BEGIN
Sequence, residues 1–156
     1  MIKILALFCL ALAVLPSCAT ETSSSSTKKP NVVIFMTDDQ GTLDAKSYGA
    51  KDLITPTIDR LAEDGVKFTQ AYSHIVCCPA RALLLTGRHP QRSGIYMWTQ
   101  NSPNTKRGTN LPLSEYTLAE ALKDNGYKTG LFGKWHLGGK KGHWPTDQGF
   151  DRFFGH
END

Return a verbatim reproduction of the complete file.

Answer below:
Sequence, residues 1–156
     1  MIKILALFCL ALAVLPSCAT ETSSSSTKKP NVVIFMTDDQ GTLDAKSYGA
    51  KDLITPTIDR LAEDGVKFTQ AYSHIVCCPA RALLLTGRHP QRSGIYMWTQ
   101  NSPNTKRGTN LPLSEYTLAE ALKDNGYKTG LFGKWHLGGK KGHWPTDQGF
   151  DRFFGH